GM Announcement Gives Janesville Hope
JANESVILLE - Things could be looking up for auto manufacturing jobs in Janesville.
General Motors said Monday that its shuttered SUV plant in Janesville was one of three plants where it will consider building a line of small cars.
"We have a lot, a long way to go," explained governor Jim Doyle.
"This will be a hard competition, but we are still alive and we believe Janesville is the best place for GM to be."
The optimism for re-opening the plant is shared outside Wisconsin, as the head of the United Auto Workers also believes Janesville has a reasonable chance for re-opening.
"Janesville is in a position where, right now, it's in flux, but at least it's got hope, and there's a chance there that eventually a product will come into that facility," said UAW President Ron Gettelfinger on 620WTMJ's "Wisconsin's Morning News."
"As part of our negotiation, we got the company to agree that instead of just idling facilities, closing them, and putting them off with the 'bad assets,' that Janesville is going to fall on the good side of the equation. That gives them hope."
Specifically, Gettelfinger pins that hope on how General Motors has given the federal government sales expectations - 10 million cars sold per year - that may be low compared to the growth potential the company has for the near future.
"Normally, in a recession, we would see that drop to 14 or 12 million," explained Gettelfinger.
"We know that it's going to be a while before sales increase, but we've got those facilities in standby mode because we know that seasonal rate of 10 million is not going to stay there. It's going to increase and grow.
"We want these companies to be in a position where they can take a facility like Janesville and make it operational."
That's where, Gettelfinger says, his organization negotiated the status of "standby" instead of "idle" for the Janesville and other potential facilities.
"The fact that we were able to get the companies to agree to put these facilities in standby mode, as opposed to 'idle'...when we hear the word idle, we automatically know that means ceasing production, and eventual closure. For them to agree to put these facilities in standby mode is big for us."
How Did We Get Here?
"Even on the inside, this has been a challenging situation," explained Gettelfinger. "A lot of things are hard to understand."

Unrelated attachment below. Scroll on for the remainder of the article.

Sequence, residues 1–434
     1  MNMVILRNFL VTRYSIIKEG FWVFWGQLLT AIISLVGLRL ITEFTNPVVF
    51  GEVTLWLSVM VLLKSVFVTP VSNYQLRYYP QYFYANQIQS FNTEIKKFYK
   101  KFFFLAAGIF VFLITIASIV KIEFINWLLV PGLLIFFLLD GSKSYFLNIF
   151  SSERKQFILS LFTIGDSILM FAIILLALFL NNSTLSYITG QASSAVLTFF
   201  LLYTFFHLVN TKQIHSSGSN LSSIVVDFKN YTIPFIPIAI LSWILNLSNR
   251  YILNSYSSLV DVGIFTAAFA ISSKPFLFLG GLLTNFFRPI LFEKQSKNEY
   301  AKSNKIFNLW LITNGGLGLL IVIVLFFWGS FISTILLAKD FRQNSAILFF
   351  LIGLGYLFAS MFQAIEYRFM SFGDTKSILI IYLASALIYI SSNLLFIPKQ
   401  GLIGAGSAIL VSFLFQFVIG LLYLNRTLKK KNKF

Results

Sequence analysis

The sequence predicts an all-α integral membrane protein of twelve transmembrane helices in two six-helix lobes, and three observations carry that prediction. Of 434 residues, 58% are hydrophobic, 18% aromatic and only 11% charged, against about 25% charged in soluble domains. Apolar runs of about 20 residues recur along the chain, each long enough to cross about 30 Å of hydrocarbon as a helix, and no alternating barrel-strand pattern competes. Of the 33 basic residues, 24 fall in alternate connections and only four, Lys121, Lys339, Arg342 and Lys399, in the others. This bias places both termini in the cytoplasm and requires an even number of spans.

So many internal and external factors combine to cause recessions, and companies like GM going bankrupt.
Many say that the concessions the company made to union workers in their 2007 contract caused the company to fall apart.
Not so, claims Gettelfinger.
"How did we get to where we're at today? We looked at the subprime housing market. We looked at what happened on Wall Street. We looked at tight money markets. We saw gasoline get to $4/gallon. We saw a lack of consumer confidence. We saw a collapse of the auto industry around the world.
"I don't see how anyone realistically that sat back and made a statement based on the facts could agree that it's these contracts that have hurt these companies. It's the economic downturn that we're in."
Workers, Leaders Share Optimism
Just a year ago, the plant had workers. Today it's nearly empty.
Still, Monday's announcement is giving all of those laid off workers a bit of hope.
"We stuck here," said Skip Marshall, a former GM employee to TODAY'S TMJ4's Lauren Leamanczyk.
"We held out and we went to school and set up plan b, but we're hoping we can get back in here."
That's more likely today.
Skip is optimistic after hearing Janesville's in the running to make smaller vehicles.
"i just hope the corporation gives us a chance here because i know we could do a good job."
GM employees here in Wisconsin tout their work ethic and the good relationship between the local union and the company.
Janesville Democratic State Representative Mike Sheridan, a GM retiree, thinks that's important.
"I think our chances are good in that respect," said Sheridan.
Still, he cautions workers from getting too excited.
"I think people need to keep this in reality that there are three plants that are in the running for this product."
Barry Bickle, one of the few laborers still employed here admits the last few months have been hard.
"You're in a no man's land, so it's very hard to plan for the future," explained Bickle.
He's now convinced GM will keep this plant alive.
"Hope for Janesville!"
The workers we talked to say they are counting on their elected leaders to make a good case for re-tooling this plant and putting people here to work.